Willpower (self-discipline) is the single most important keystone habit for individual success. Self-Discipline can be taught as a habit. Willpower isn’t a skill. It’s a muscle.

Starbucks Example:
Deliver positive energy with each serving. Put aside personal problems – demonstrate self-constraint – to deliver fantastic customer service.

Often times, employees are learning from their first work experience. It can be overwhelming. Starbucks had new employee programs filled with educational sessions and workbooks to understand self-discipline.

LATTE system
Listen to the customer
Acknowledge their complaint
Take action to resolve the problem
Thank the customer for bringing the situation to their attention
Explain the customer why the problem occurred

What What Why – “What they did, What they need to do, and Why that better method ties in with everything we do.”

Connect Discover Respond

Mothers Parenting Example:
– you will be the first to go to college
– you will be a professional
– you will make us all proud
– ask how are you going to study tonight?
– what are you going to do tomorrow?
– how do you know you’re ready for your test?

If you tell them they have what it takes to succeed, they will prove you right.

Give others a sense of agency, sense of control, improved how much self-discipline to their jobs.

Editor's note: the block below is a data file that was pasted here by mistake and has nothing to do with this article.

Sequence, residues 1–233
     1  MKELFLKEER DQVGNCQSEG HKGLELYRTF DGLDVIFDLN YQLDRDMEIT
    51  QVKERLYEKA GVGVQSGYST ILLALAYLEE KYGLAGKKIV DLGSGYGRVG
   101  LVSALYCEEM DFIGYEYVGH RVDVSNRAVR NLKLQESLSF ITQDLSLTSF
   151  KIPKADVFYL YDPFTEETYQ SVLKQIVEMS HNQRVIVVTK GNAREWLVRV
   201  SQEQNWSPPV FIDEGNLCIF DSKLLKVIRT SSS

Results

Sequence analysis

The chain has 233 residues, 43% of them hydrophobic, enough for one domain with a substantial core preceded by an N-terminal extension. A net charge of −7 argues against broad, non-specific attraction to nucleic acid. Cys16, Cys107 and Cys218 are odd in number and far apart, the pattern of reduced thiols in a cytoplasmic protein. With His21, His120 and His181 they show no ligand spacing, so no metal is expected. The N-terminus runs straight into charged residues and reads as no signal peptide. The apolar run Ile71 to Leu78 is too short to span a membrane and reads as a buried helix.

Addictions (drinking, smoking, gambling) are habits as well

After losing everything from gambling, gamblers will say they lost everything out of habit.

There are differences in neurological functions between normal people and pathological gamblers. MRI shows that pathological gamblers are more excited when then win. MRI also show that gamblers also experience highs for near misses. But when normal people see near miss, they identify the trick and they know they should quit.

Society has determined that if we follow our habits rooted in our basal ganglia unconsciously (eg. sleep terrors), we are not responsible for our actions. But the same defense cannot be taken for when we are conscious of our habits, our additions.

Habits even once rooted in our minds, aren’t destiny. We can choose our habits, once we know how. Any of them can be changed if you know how they function.

Hundreds of habits influence our days. Each with a different cue and offers a unique reward. To modify a habit, you must decide to change it, you must consciously accept the hard work of identifying the cues and rewards to drive the habits routines and find alternatives.

Once you know a habit exists, you have the responsibility to change it. Habits that we know exist, and once you understand that habits can change, you have the freedom and the responsibility to remake them. Once you understand that habits can be rebuilt, the power of habit becomes easier to grasp and the only option left is to get to work.